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Epidural Injections of Etidocaine 1.5% with and without Epinephrine A Double Blind Comparison
  1. B. T. Finucane, MD, FFARCS (Eng), FRCP (C)*
  1. From the Department of Anesthesiology, Grady Memorial Hospital, Atlanta, Georgia
  2. *Chief of Anesthesiology, Grady Memorial Hospital, Professor of Anesthesiology, Emory University School of Medicine.


The purpose of this study was to compare the clinical progression and regression of etidocaine 1.5% with and without epinephrine, following single shot epidural injections. In addition, venous plasma levels of etidocaine were compared in the two groups. Thirty-five patients participated in the study, and they were randomly assigned to two groups of 17 and 18, respectively. The results indicated that the addition of epinephrine to etidocaine 1.5% not only enhanced the onset, but extended the level of sensory analgesia significantly, when compared to the plain solution. Furthermore, the degree of motor blockade was significantly enhanced in the epinephrine group. Finally, there were no significant differences noted in the venous plasma levels of the two groups. In conclusion, it would appear that the addition of epinephrine to etidocaine 1.5% enhanced the overall quality of sensory and motor block.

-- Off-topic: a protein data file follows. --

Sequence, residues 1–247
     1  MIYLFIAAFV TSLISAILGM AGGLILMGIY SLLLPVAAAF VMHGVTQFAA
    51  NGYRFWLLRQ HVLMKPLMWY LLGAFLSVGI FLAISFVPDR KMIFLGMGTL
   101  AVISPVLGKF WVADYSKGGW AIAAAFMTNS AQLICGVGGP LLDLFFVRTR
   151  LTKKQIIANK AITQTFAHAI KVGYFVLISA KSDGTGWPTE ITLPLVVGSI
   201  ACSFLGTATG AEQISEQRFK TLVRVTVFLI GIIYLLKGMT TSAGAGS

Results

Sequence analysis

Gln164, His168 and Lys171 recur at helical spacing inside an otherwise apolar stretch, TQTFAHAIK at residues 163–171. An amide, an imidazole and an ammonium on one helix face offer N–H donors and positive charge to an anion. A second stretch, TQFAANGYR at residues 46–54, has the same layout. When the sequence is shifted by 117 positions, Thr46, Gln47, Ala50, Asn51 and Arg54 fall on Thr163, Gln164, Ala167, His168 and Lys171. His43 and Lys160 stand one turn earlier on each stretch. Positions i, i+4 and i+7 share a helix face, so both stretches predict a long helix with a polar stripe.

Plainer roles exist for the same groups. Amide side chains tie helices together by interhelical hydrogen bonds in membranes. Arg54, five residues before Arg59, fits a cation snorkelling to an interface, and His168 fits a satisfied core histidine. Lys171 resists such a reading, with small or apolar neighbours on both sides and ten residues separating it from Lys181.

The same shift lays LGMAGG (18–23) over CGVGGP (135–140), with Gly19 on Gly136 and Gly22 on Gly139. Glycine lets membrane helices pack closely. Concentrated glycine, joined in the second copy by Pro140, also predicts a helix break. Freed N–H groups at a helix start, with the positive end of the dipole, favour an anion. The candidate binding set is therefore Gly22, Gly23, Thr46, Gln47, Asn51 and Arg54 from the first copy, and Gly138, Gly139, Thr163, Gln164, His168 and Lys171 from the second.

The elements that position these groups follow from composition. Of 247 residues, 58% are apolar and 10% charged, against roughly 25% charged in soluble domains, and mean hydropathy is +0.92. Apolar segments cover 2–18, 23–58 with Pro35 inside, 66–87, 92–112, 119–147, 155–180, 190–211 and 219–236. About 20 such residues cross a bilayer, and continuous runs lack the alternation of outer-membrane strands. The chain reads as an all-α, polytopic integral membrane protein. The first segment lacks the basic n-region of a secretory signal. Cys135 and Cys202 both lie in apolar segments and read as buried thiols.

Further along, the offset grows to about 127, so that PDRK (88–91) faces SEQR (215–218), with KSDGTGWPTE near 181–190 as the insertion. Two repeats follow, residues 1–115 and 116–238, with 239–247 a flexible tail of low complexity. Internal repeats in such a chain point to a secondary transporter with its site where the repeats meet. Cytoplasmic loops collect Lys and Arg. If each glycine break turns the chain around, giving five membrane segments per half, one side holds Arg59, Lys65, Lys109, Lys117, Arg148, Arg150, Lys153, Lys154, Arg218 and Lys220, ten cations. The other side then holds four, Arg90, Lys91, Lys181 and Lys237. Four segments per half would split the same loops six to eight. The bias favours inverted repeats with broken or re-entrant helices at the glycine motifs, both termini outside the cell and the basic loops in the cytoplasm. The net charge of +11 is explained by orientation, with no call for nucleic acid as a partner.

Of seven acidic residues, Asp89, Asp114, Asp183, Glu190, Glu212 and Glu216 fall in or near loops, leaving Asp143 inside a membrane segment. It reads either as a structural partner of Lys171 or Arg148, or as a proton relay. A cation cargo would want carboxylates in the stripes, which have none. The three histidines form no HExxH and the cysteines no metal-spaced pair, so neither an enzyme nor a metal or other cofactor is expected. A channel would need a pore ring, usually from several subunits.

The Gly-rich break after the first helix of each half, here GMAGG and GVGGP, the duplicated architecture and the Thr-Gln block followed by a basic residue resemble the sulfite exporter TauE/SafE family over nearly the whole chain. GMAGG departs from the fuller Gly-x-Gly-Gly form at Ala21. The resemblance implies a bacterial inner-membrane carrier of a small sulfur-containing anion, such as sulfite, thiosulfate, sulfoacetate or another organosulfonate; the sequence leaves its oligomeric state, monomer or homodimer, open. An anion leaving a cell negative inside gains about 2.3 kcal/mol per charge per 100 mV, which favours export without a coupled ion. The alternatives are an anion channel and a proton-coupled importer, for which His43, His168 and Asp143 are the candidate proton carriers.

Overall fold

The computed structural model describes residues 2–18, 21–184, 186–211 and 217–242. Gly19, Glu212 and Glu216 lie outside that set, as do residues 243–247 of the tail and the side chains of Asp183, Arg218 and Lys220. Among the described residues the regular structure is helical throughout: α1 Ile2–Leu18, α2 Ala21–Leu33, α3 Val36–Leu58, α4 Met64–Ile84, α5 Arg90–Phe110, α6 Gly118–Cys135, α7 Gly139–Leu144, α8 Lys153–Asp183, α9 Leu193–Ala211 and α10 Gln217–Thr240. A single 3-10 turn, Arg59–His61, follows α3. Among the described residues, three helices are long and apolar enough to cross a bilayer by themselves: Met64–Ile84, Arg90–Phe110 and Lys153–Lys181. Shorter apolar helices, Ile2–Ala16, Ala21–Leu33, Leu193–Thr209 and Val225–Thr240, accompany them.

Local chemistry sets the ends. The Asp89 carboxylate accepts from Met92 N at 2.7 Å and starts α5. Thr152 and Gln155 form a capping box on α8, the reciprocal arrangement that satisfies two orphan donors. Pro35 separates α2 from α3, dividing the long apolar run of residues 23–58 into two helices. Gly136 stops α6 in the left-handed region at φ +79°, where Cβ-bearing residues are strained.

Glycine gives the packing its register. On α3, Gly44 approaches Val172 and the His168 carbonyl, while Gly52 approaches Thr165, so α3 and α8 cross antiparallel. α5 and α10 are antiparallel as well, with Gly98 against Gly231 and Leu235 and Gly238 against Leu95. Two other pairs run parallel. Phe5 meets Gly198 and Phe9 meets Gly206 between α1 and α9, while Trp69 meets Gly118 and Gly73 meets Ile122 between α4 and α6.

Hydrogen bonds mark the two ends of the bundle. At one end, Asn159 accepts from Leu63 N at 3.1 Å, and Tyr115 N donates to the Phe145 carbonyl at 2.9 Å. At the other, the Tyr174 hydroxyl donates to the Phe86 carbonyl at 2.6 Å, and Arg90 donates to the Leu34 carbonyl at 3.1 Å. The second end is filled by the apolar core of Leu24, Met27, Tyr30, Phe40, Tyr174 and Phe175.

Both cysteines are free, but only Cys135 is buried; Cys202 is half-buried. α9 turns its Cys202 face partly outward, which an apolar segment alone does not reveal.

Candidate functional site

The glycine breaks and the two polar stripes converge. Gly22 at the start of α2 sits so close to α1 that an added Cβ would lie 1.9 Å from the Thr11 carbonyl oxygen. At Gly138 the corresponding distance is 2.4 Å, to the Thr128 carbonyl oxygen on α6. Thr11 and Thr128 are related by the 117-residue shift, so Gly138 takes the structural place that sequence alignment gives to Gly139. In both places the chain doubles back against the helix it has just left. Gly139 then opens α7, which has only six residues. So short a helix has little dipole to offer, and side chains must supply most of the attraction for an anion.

• Anesthesia
  • epidural
  • Anesthetics—etidocaine
  • Epinephrine

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